Like any collection of essays republished from other sources, this one--the third of many such anthologies from Gould--is a mixed bag. All but three pieces originally appeared in "Natural History" magazine, but Gould updated many of them with postscripts incorporating responses to and criticism of the original articles.
The range, as always, is impressive: tours of the controversies and unforgettable characters that pepper the history of science; examinations of the politics of science (which, sadly, hasn't changed much in 25 years) and the threats to teaching posed by creationists; explorations in paleontology and evolutionary theory; and some dabblings in "hard science" that might leave a few folks scratching their heads. There's even a typical Gould curio reminiscent of his essays on baseball: an analysis of the inexorable trend towards smaller Hershey bars. The only truly outdated essays are those which focus on genetics and the discovery of the structure of DNA.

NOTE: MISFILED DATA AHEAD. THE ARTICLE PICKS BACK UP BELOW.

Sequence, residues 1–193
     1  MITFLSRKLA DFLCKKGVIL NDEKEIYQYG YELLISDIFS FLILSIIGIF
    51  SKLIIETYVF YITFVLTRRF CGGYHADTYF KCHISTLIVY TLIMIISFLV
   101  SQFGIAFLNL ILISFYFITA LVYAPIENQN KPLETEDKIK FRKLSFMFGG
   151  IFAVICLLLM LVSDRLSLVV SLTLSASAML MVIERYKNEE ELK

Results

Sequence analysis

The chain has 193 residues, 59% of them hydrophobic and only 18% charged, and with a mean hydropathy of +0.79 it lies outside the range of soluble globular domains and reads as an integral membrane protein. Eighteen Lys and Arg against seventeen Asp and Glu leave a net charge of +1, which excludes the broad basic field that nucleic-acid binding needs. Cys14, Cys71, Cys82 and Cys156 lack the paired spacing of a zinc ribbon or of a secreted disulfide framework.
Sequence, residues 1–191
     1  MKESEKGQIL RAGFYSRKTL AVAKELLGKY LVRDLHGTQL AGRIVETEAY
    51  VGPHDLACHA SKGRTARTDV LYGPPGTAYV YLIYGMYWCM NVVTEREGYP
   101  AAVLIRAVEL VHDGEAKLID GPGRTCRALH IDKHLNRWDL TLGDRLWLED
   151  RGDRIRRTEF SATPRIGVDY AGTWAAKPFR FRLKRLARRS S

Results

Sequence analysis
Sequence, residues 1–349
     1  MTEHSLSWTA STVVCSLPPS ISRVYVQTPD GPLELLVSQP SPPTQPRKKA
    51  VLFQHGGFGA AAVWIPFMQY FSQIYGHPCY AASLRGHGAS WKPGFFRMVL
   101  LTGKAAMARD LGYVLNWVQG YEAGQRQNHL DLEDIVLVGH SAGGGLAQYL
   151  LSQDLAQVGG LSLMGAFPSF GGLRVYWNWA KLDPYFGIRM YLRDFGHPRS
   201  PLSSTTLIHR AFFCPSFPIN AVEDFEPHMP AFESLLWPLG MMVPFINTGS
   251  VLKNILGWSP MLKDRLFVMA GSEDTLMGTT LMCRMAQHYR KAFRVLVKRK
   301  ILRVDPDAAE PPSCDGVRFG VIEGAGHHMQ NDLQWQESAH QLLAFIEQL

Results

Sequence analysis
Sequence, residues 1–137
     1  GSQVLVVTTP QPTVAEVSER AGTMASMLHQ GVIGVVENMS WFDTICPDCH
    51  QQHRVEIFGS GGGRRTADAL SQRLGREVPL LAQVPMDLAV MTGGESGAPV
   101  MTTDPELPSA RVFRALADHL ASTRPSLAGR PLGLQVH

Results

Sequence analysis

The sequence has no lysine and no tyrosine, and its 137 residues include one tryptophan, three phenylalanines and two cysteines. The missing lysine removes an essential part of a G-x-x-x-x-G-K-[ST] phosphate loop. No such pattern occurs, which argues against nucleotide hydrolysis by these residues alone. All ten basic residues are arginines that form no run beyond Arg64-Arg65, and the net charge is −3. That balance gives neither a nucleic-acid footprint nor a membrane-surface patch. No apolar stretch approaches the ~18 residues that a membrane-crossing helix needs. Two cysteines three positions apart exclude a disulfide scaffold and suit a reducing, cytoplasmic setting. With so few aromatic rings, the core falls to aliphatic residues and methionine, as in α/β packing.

For me, the defining moment in this collection is the question posed by Gould: "Is a zebra a white animal with black stripes or a black animal with white stripes?" It's really a damn good question, but to be honest, such a problem would never have crossed my mind. (I feel doltish for not even knowing that there are three species of zebra.) Gould's certainly not the first biologist to consider the issue, but he's surely the first to offer for the everyday reader not one, but three easily understood and (one might even say) riveting essays on "striped horses." And that's just what makes Gould's works so worthwhile: a charming combination of his fascination with history, his inquisitiveness about nature (especially in areas "outside his expertise"), and the patience needed to write clearly about such matters for the non-scientist.